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Former C.I.A. Director James Woolsey on Energy Security

Former C.I.A. Director James Woolsey on Energy Security

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On July 8th, 2013, former C.I.A. Director James Woolsey spoke at Johns Hopkins School of Advanced International Studies (SAIS) on the subject of energy security. The talk, titled “How Does Our Need for Foreign Energy Resources Impact Our National Security? A Conversation with Former C.I.A. Director Ambassador James Woolsey,” addressed two main topics: transportation and the electrical grid. Woolsey highlighted key vulnerabilities and challenges in both respects, and suggested solutions to protect our national security.

Woolsey specified three problems with the nation’s continued dependence on petroleum in transportation: OPEC wields too much control over the price of gasoline, the majority of proven reserves lie within authoritarian regimes that disrespect human rights, and gasoline—especially additives like benzene—is carcinogenic (Woolsey, also a former advisor on climate change, has addressed the environmental impact of fossil fuels elsewhere). He stressed that producing more petroleum domestically or importing only from democracies like Canada will neither lower the price of oil nor undermine OPEC.

The only solution is to offer consumers a choice at the pump. Woolsey argued for an open fuel standard, according to which cars could run on blends of petroleum, ethanol, or methanol, and the infrastructure adjustment to make this happen. The cost to manufacturers of transforming engines starts at ~$90 per unit, but fueling stations would have to introduce at least one new pump and tank. Methanol, which industry could derive from natural gas—abundant and cheap because of the shale boom—is the most suggestive alternative, said Woolsey. Both China and Brazil implement advanced ‘flex-fuel’ policies already.

Turning to the U.S. electrical grid, Woolsey applauded the conversion of plants from coal- to cheaper gas-powered generation, gains in solar and wind generation, and advancements in more affordable energy storage, such as batteries. But he highlighted three major concerns: the exposure of online control systems to hacking, the vulnerability of the grid to an electro-magnetic pulse (EMP), either solar or artificial, and the relative ease with which terrorists or vandals could damage large transformers. ‘Saboteurs’ in San Jose, California, recently shot rifles and cut underground fiber-optic cables at a major transformer station. Woolsey’s recommendations were far-reaching: he appealed to law enforcement to improve the security of transformer sites, proposed a micro-grid system whereby failures would remain localized, and endorsed more distributed generation via solar panels and small-scale storage.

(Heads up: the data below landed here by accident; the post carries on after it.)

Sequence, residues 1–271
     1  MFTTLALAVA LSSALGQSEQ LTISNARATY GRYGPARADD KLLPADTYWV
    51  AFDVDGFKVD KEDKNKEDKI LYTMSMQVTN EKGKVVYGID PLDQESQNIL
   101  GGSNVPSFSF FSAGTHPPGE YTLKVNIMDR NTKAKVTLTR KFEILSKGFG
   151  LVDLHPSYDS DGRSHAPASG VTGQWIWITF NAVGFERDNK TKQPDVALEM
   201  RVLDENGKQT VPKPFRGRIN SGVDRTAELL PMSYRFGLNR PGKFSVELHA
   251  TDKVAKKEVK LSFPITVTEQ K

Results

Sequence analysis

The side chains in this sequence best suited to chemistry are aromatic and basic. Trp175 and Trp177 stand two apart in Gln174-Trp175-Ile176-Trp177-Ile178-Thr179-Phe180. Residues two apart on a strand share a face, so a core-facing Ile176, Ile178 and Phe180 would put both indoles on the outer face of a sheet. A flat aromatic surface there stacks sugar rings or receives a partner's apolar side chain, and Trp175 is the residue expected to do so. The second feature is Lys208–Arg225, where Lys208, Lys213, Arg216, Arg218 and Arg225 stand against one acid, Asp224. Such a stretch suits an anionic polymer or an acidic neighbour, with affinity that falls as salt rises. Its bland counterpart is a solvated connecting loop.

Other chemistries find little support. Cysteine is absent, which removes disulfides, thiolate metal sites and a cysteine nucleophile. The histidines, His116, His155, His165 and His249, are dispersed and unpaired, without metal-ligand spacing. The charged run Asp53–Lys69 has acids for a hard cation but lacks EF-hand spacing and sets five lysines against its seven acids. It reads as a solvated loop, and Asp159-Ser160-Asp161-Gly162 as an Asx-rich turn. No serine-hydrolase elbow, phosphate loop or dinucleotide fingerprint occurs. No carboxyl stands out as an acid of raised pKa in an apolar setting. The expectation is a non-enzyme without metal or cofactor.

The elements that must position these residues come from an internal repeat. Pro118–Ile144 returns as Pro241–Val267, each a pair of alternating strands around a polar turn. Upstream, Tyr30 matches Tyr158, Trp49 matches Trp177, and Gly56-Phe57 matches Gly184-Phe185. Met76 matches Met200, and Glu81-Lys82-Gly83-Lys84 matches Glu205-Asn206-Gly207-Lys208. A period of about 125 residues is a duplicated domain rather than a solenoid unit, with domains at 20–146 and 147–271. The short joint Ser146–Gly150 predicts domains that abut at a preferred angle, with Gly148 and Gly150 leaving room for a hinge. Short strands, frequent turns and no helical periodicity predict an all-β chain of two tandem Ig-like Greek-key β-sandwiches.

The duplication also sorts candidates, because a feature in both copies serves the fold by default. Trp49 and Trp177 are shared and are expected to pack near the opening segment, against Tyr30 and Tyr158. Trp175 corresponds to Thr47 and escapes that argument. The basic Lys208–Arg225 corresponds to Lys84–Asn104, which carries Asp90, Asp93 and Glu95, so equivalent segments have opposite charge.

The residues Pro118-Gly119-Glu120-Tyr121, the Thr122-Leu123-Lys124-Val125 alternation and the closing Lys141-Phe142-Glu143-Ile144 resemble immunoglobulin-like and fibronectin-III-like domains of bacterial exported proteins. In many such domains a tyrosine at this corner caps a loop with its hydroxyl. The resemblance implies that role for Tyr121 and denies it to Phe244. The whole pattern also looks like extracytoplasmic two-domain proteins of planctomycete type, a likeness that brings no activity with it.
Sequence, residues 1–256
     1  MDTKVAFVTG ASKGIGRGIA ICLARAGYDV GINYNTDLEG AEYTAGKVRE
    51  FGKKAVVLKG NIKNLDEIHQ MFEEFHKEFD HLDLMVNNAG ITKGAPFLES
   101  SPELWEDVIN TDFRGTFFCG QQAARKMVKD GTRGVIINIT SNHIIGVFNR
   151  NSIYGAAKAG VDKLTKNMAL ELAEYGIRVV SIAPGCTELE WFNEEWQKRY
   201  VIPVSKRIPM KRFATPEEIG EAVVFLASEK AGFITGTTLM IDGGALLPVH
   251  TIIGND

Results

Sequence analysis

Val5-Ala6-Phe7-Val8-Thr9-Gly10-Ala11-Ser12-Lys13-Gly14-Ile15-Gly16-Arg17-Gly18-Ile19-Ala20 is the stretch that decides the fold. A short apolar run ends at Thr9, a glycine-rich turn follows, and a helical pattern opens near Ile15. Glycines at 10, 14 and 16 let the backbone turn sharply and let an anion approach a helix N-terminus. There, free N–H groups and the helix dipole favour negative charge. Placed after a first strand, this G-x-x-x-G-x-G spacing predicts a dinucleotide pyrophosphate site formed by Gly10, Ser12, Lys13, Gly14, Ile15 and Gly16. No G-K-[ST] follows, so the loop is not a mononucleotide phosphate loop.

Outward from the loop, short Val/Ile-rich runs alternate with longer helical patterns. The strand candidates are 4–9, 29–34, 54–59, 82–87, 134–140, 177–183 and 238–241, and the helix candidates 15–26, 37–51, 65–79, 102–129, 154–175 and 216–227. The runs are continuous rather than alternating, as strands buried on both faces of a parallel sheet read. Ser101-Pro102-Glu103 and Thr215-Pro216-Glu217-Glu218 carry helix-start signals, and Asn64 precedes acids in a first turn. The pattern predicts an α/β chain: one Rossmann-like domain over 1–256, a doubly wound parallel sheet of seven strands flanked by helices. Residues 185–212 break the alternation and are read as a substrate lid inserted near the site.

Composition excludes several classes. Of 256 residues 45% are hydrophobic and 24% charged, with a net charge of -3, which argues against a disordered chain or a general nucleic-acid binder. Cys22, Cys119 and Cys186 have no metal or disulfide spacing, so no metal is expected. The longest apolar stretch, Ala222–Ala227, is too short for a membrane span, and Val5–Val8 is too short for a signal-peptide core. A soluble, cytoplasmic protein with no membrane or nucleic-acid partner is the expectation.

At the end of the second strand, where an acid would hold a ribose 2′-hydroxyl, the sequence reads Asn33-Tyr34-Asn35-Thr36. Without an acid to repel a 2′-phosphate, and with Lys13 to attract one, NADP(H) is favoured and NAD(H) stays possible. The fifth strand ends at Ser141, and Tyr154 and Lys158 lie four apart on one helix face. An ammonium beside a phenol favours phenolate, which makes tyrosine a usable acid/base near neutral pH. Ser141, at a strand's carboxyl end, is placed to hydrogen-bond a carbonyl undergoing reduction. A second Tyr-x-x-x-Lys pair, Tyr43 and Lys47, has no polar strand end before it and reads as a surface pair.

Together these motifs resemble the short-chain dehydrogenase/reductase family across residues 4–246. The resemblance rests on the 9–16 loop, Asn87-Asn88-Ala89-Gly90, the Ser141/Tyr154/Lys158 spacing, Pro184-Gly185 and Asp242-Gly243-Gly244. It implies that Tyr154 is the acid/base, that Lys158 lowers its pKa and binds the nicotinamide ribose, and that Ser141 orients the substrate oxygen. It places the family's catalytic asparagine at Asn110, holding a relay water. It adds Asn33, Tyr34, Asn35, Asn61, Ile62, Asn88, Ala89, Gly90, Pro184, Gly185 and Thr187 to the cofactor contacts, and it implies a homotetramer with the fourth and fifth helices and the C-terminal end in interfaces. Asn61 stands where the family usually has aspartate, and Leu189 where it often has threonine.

Woolsey’s proposals would improve national security. Providing choices to consumers at the pump builds resiliency into the transportation system insofar as we no longer depend on one source of energy. Using low-carbon fuels, electric vehicles, and mass transit also reduces greenhouse gas emissions that contribute to climate change. Building more flexibility and security into the electrical grid, and generating more power at our homes minimizes the effects of potential terrorist attack and other catastrophic events. Woolsey, who also shared stories from his career and personal life, himself derives electricity for two hybrid automobiles from solar panels—not exactly Hollywood’s image of a spymaster.”

Woolsey at SAIS

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